Oh no, not happiness again!

There are some things some people so fervently want to believe that no amount of evidence or logic will persuade them otherwise, no matter how brilliant they are. Adair Turner’s book Economics After the Crisis is a good book, and I’m a great admirer of his. But my heart sank when I read this new review of it in the TLS by Robert Skidelsky. Lord S writes:

“The case against making increased GDP per capita the overriding policy objective is that it doesn’t deliver the increased happiness or welfare if promises. In 1974, the economist Richard Easterlin published a famous paper, “Does Economic Growth Improve the Human Lot?”. The answer, he concluded, after correlating per capita incomes and self-reported happiness levels across a number of countries is probably “no”. In a refinement dating from 1995, Easterlin found no relationship between income and happiness above an average per capita income level of between $15,000 and $20,000. Other findings confirm Easterlin. Data from the UK show that from 1973 to 2009, there was a continuous rise in GDP per head, but no increase in reported life-satisfaction.”

Er, no. The error of logic is that if you compare a stationary (reported life-satisfaction) and non-stationary (level of GDP) time series via a chart or regression, they will as a matter of construction not be correlated with each other. And the evidence has recently flowed in that GDP growth and reported happiness are positively and strongly correlated with each other – for example, Stevenson and Wolfers. Finally, common sense should tell everyone that abandoning economic growth as a policy objective is a political and practical no-hoper: we have that now and it’s called recession. It cements current inequalities, reduced job opportunities, and voters just hate it. So actually, the task of achieving satisfying and sustainable growth is a pretty difficult one (it’s why I wrote the Economics of Enough…).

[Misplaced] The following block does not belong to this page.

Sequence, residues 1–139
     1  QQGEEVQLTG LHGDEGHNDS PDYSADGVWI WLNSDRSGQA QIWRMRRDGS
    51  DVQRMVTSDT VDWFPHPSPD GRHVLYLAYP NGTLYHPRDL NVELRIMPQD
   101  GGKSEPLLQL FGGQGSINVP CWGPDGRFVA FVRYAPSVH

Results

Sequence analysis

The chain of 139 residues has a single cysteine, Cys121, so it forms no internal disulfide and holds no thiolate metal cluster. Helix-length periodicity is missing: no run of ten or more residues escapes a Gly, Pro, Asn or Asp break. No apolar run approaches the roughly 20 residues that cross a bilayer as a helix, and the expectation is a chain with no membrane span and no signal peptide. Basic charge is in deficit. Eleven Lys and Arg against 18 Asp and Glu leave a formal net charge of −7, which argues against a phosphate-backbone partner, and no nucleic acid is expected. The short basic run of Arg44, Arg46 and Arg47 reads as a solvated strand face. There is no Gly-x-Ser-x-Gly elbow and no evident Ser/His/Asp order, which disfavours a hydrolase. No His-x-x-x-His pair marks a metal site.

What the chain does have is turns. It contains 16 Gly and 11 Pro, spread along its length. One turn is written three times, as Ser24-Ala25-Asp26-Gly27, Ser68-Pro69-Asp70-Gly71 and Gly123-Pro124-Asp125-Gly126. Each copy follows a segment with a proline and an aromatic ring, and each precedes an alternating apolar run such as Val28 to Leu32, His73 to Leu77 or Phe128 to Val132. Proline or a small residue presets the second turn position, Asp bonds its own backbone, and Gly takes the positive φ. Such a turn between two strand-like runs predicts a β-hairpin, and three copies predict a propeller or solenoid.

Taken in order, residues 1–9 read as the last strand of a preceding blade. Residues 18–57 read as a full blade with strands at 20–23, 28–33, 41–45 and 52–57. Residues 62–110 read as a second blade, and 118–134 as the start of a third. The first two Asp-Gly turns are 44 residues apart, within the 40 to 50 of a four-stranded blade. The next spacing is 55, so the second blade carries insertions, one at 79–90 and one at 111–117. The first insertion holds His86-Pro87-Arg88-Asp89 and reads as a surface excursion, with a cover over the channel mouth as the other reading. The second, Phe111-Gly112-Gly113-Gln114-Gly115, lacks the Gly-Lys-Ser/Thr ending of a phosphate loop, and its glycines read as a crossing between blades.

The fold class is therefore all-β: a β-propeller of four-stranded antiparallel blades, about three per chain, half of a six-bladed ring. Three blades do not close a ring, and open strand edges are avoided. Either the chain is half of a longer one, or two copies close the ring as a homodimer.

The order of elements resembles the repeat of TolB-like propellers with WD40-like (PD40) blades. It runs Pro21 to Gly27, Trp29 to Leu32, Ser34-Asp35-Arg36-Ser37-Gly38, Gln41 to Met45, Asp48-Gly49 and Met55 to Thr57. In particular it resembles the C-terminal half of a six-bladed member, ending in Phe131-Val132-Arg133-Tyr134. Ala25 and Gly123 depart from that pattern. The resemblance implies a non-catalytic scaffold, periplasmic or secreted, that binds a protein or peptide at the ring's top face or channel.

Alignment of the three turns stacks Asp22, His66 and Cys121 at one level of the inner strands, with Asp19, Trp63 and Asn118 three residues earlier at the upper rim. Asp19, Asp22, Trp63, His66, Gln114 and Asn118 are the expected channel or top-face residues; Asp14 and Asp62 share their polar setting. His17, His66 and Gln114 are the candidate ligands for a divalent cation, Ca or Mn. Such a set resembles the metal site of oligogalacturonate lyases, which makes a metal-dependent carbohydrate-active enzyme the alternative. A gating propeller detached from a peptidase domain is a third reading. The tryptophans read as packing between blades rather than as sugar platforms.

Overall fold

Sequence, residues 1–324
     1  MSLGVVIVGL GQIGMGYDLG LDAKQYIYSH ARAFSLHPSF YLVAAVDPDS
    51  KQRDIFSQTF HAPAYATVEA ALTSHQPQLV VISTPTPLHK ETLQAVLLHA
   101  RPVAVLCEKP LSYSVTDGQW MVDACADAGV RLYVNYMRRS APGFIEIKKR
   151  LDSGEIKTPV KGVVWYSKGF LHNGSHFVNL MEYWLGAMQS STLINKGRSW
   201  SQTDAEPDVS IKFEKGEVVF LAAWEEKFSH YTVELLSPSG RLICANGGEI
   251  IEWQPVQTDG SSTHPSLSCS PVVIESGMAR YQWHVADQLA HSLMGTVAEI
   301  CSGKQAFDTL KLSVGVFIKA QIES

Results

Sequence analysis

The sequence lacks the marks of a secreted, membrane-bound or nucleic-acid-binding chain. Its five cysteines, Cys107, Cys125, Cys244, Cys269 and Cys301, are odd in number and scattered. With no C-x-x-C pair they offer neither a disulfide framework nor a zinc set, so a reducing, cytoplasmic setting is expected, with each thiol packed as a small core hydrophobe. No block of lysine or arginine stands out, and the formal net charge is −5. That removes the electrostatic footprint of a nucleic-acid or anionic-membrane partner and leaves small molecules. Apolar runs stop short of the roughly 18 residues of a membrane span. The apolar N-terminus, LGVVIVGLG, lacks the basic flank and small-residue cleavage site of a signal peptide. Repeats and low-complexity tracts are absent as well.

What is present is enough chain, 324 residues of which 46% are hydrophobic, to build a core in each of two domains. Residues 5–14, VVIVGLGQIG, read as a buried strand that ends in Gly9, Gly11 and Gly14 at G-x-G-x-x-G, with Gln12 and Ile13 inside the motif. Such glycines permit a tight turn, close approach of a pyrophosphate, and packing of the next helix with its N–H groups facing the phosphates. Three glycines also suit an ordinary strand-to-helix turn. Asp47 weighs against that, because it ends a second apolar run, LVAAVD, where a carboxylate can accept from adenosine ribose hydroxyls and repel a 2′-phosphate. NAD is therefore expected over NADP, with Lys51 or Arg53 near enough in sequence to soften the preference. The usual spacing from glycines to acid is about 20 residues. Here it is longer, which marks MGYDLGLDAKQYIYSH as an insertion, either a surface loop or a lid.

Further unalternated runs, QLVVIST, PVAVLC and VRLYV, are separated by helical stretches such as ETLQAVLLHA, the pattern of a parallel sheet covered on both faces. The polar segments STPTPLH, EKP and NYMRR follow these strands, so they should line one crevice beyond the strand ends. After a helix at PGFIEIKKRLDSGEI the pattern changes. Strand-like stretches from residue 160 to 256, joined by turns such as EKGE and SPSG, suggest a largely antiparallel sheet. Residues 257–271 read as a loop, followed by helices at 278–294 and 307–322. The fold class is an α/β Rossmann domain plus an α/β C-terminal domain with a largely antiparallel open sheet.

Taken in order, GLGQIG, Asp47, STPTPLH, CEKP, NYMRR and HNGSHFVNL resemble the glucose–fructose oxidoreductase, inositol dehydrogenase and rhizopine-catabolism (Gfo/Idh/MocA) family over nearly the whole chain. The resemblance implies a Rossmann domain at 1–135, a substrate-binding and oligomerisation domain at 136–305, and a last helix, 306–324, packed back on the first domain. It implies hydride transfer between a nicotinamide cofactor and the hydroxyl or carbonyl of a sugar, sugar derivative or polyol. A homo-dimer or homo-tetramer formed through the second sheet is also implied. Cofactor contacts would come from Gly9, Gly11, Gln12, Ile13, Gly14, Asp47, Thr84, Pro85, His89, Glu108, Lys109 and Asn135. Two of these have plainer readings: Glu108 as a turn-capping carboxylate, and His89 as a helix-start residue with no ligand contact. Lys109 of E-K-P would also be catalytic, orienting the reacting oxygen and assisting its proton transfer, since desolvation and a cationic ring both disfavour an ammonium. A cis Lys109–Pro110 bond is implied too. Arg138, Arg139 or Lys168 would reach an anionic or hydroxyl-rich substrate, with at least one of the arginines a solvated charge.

Economics After the Crisis: Objectives and Means (Lionel Robbins Lectures)

Update: broken link replaced 5/11/14

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8 thoughts on “Oh no, not happiness again!

  1. Saying that recession (and I don’t think this is what he means by no growth as it happens I think it is going to be a more nuanced point) equals unhappiness does not mean growth equals happiness, that is a big logical fallacy and it could be other factors (and that is what the article you link to seems to support the idea there is more to happiness than growth and it is more of a correlation) even if they stubbornly refused to admit it properly.

    It’s a similar concept to the fact that there is plenty of evidence that suggests income on a household level does not make one happier, it simply reduces unhappiness (up to a point).

    • I wasn’t claiming causality, which would be daft given that I’m denying the fashionable idea of negative causality. It isn’t sensible to build economic policy on the basis of subtle psychological states. Let philosophers and psychologists deal with happiness.

      As for economic policy, given the choice between GDP growth and GDP not growing – which we do actually call recession or depression – for me it is obvious that it has to be growth, albeit sustainable. ‘Growth’ doesn’t mean more handbags and bigger cars, it means innovation. If, in a land where the government was determined to attain zero growth, a new medicine treating Alzheimer’s were to be invented, and fifty new, brilliant novels written, the best play since Romeo and Juliet staged at the theatre, and a commercially viable photovoltaic cell brought into production, somebody would have to decide what to take away from those citizens who wanted to buy all the new products and services. Sure, measure GDP in better ways, measure the depletion of assets of all kinds – as I discuss in my book – but calling for growth to stop because it doesn’t make us happy is neither practical nor meaningful, in my view.